<VV> non-Corvair question...
corvairduval at cox.net
Fri Sep 15 23:29:53 EDT 2017
Blue Point makes some drive in tools that look like Torx bits to remove
broken bolts. I see where the idea came from.:-)
My first go to tool for smaller screws or non-rusty bolts is a left
handed drill bit. Sometimes it snags the bolt and unscrews the problem. Yay!
Snap-On makes them, machine shop tool suppliers sell them, and I am
having real good luck with the ones I bought at Harbor freight!
On larger bolts, I go with the MIG weld a nut over the bolt. Works great
on rusty fasteners. Quenching with water helps also. Broken part gets
thrown away, so who cares if the hardness changes to brittle? The shock
to the rust is good.
On Corvair exhaust manifolds here in the rusty east, I just saw off the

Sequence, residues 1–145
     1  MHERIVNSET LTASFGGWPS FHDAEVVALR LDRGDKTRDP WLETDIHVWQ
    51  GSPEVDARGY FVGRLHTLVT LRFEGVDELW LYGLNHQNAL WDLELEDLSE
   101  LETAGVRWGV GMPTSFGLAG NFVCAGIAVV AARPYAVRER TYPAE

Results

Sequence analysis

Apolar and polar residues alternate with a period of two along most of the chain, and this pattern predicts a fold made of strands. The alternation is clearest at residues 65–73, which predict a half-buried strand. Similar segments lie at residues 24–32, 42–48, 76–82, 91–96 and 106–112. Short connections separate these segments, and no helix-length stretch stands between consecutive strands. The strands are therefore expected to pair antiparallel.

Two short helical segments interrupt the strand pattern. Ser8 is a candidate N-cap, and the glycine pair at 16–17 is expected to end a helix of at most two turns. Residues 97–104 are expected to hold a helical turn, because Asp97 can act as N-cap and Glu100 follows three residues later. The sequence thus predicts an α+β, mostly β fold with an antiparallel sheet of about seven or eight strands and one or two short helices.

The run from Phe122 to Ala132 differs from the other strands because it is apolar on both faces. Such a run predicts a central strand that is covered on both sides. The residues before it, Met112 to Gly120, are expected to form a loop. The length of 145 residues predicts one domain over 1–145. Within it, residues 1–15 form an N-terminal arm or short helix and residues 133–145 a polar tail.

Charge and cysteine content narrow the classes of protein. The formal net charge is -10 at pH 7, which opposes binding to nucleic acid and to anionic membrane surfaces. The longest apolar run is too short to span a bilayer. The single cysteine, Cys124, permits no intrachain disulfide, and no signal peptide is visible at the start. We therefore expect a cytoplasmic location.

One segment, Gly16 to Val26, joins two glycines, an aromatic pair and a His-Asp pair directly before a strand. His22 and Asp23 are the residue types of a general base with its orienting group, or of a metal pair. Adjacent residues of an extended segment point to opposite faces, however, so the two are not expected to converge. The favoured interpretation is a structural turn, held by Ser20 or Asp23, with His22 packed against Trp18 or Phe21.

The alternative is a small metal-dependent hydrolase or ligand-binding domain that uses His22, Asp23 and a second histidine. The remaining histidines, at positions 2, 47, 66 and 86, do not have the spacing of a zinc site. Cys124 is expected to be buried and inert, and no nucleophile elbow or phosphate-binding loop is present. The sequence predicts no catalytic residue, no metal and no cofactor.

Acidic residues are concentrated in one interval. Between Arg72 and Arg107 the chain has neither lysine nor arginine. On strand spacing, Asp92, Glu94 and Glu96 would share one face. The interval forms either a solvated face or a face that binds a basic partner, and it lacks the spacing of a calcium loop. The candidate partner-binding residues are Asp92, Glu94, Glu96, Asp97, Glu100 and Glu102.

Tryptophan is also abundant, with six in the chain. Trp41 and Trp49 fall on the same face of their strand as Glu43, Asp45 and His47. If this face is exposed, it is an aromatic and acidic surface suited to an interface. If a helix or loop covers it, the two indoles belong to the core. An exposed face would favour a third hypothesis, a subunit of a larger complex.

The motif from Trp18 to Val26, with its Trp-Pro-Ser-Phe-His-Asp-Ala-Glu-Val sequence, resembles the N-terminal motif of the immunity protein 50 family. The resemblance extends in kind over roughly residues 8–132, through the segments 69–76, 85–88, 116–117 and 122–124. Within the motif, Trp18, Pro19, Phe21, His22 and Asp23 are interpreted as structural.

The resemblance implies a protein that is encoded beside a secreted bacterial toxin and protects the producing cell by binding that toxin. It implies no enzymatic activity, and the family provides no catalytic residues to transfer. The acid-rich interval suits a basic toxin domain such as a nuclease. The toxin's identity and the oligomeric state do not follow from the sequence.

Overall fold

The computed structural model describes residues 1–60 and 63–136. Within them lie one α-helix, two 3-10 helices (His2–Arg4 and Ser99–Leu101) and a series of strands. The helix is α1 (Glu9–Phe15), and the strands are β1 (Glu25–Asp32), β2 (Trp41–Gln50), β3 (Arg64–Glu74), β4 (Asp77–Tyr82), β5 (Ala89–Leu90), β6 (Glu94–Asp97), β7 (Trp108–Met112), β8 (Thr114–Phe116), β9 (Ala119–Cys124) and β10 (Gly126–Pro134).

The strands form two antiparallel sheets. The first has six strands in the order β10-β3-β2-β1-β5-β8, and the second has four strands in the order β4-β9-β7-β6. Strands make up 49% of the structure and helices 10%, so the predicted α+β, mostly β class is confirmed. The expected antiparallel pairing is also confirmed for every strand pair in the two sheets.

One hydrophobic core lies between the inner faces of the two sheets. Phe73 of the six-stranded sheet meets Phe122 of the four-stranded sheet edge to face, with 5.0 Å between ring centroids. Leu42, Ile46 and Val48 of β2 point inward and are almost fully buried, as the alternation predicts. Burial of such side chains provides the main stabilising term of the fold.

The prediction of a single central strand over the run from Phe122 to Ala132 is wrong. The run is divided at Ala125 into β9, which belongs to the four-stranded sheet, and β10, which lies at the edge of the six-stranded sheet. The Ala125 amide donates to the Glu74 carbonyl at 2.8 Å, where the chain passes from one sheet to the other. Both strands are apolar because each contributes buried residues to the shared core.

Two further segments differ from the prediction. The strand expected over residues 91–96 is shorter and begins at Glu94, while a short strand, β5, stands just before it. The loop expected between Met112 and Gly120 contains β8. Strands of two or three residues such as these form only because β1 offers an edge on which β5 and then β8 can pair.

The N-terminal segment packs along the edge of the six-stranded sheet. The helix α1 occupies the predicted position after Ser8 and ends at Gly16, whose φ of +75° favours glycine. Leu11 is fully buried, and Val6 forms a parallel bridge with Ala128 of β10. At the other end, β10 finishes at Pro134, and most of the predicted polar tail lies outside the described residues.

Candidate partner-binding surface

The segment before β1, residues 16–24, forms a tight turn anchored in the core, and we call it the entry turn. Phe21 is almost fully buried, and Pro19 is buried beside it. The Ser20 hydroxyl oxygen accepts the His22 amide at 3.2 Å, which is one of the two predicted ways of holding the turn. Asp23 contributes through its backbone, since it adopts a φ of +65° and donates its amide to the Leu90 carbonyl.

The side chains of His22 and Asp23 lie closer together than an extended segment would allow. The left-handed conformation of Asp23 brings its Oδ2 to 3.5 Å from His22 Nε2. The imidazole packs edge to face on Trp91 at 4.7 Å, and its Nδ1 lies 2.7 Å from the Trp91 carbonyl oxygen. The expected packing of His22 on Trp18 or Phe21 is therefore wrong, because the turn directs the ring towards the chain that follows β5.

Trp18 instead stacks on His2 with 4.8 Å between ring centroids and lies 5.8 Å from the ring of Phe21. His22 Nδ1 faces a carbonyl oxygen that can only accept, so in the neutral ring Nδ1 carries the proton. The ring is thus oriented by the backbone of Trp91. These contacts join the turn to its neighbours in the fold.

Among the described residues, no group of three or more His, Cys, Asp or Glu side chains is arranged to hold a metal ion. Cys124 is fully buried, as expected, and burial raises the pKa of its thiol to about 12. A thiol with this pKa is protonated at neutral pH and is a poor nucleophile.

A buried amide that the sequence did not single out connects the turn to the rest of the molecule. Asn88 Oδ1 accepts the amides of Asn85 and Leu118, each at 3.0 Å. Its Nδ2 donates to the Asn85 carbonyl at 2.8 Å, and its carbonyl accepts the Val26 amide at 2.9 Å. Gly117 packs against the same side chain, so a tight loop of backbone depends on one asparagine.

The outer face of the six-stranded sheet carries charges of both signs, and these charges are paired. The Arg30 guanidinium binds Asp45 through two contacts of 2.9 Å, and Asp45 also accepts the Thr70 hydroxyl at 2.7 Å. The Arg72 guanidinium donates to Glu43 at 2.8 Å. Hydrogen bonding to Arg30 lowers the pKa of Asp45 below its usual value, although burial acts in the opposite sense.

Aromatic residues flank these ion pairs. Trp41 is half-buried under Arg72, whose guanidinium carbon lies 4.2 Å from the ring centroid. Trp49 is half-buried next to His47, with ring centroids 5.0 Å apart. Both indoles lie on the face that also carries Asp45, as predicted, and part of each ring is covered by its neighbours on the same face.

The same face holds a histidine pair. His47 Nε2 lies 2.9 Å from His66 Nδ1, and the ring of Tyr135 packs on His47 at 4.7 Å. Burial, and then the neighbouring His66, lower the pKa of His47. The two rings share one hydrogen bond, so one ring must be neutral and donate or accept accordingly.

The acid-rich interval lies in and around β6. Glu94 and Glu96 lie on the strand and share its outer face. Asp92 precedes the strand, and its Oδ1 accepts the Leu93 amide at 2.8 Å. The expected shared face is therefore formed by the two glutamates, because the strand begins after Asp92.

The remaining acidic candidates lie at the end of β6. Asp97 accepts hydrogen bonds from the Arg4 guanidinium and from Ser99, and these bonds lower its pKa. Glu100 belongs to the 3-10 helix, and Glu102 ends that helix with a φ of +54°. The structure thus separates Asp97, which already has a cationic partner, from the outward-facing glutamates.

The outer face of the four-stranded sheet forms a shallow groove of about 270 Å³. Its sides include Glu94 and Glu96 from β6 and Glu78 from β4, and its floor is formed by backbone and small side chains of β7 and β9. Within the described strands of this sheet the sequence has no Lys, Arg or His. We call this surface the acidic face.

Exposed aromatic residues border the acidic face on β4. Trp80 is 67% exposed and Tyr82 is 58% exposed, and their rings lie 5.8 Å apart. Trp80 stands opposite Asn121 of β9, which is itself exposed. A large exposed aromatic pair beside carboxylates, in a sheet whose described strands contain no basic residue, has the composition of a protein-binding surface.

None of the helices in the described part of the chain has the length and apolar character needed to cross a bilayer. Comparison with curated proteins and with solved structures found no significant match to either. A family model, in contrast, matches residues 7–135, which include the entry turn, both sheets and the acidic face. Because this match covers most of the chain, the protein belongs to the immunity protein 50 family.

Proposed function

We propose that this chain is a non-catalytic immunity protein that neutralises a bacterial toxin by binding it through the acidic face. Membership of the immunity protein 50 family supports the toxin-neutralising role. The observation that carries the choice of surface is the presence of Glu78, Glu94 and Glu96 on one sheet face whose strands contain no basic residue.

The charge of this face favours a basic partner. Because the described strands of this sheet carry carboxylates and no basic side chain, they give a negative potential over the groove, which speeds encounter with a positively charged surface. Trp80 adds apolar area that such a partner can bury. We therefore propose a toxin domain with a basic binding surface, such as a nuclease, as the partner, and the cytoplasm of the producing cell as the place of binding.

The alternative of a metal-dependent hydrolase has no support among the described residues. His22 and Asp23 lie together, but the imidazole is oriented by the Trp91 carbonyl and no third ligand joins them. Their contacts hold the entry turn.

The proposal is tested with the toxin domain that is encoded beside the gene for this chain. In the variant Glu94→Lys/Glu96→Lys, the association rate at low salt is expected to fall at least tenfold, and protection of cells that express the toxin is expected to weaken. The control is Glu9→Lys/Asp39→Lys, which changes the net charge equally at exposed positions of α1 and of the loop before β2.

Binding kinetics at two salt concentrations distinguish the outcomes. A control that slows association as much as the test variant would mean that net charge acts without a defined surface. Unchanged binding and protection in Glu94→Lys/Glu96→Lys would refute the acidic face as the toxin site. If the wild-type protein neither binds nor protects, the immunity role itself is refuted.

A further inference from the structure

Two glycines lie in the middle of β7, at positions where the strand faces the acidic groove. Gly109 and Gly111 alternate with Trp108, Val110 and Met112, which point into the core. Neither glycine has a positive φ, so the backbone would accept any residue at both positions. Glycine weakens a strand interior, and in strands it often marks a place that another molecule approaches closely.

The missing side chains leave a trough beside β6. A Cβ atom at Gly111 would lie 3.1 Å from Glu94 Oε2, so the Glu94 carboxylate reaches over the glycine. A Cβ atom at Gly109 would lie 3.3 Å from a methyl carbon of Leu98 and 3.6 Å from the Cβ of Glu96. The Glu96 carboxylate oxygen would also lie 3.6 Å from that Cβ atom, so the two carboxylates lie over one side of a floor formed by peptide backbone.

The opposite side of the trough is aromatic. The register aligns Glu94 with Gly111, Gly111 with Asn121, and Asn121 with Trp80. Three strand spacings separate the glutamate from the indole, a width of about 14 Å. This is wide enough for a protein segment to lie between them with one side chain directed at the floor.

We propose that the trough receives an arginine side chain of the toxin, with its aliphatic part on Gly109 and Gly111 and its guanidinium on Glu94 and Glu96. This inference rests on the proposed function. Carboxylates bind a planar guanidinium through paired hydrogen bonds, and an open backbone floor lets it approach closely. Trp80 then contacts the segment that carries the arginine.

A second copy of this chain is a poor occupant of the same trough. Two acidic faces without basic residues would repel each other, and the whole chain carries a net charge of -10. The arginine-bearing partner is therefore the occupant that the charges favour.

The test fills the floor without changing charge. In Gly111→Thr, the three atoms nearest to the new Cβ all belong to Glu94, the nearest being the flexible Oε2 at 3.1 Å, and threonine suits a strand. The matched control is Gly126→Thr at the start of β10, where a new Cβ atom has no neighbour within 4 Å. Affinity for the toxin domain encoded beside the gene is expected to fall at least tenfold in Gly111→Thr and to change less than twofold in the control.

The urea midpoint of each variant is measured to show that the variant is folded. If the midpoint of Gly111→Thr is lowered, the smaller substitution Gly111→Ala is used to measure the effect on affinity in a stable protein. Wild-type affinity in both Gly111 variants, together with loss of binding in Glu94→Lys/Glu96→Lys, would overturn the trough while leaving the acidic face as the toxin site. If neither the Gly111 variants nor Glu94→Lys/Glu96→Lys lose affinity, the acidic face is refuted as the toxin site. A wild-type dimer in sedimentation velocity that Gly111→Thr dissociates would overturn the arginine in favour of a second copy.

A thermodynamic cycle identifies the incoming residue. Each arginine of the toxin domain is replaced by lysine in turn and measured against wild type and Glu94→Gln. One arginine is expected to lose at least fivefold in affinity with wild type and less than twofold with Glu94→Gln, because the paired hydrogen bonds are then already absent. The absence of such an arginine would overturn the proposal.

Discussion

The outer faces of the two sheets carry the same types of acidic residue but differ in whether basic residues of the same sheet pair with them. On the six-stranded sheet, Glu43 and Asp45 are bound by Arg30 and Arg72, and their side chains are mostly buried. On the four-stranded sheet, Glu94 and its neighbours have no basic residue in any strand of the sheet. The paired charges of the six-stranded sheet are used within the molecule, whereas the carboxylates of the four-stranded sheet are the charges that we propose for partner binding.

broken stud and drill a 5/16" hole to tap a new set of 3/8-16 threads. I
gave up ever trying to remove broken rusted exhaust studs out here on
On 9/15/2017 2:10 PM, shortle via VirtualVairs wrote:
> Normally a steel bolt in a cast iron part will come out pretty easy. I stay away from E Z out as they just seem to be too easy to break off creating a bigger mess. I prefer to center punch, drill hole, then gently hammer in a Torx bit. I also use a Snap On bit as they are probably stronger than many other brands.
> Timothy Shortle in Durango Colorado 81301
> -----Original Message-----
>> From: "Kinzelman, Andy via VirtualVairs" <virtualvairs at corvair.org>
>> Sent: Sep 15, 2017 10:18 AM
>> To: "virtualvairs at corvair.org" <virtualvairs at corvair.org>
>> Subject: <VV> non-Corvair question...
>> My friend (former Corvair owner) has a Dodge 340 with a broken exhaust bolt - broken flush to the surface of the head. There is no exhaust manifold on it, and the engine is currently out of the car.
>> Anybody have any suggestions how this might be removed without drilling it out?
>> Andy K.
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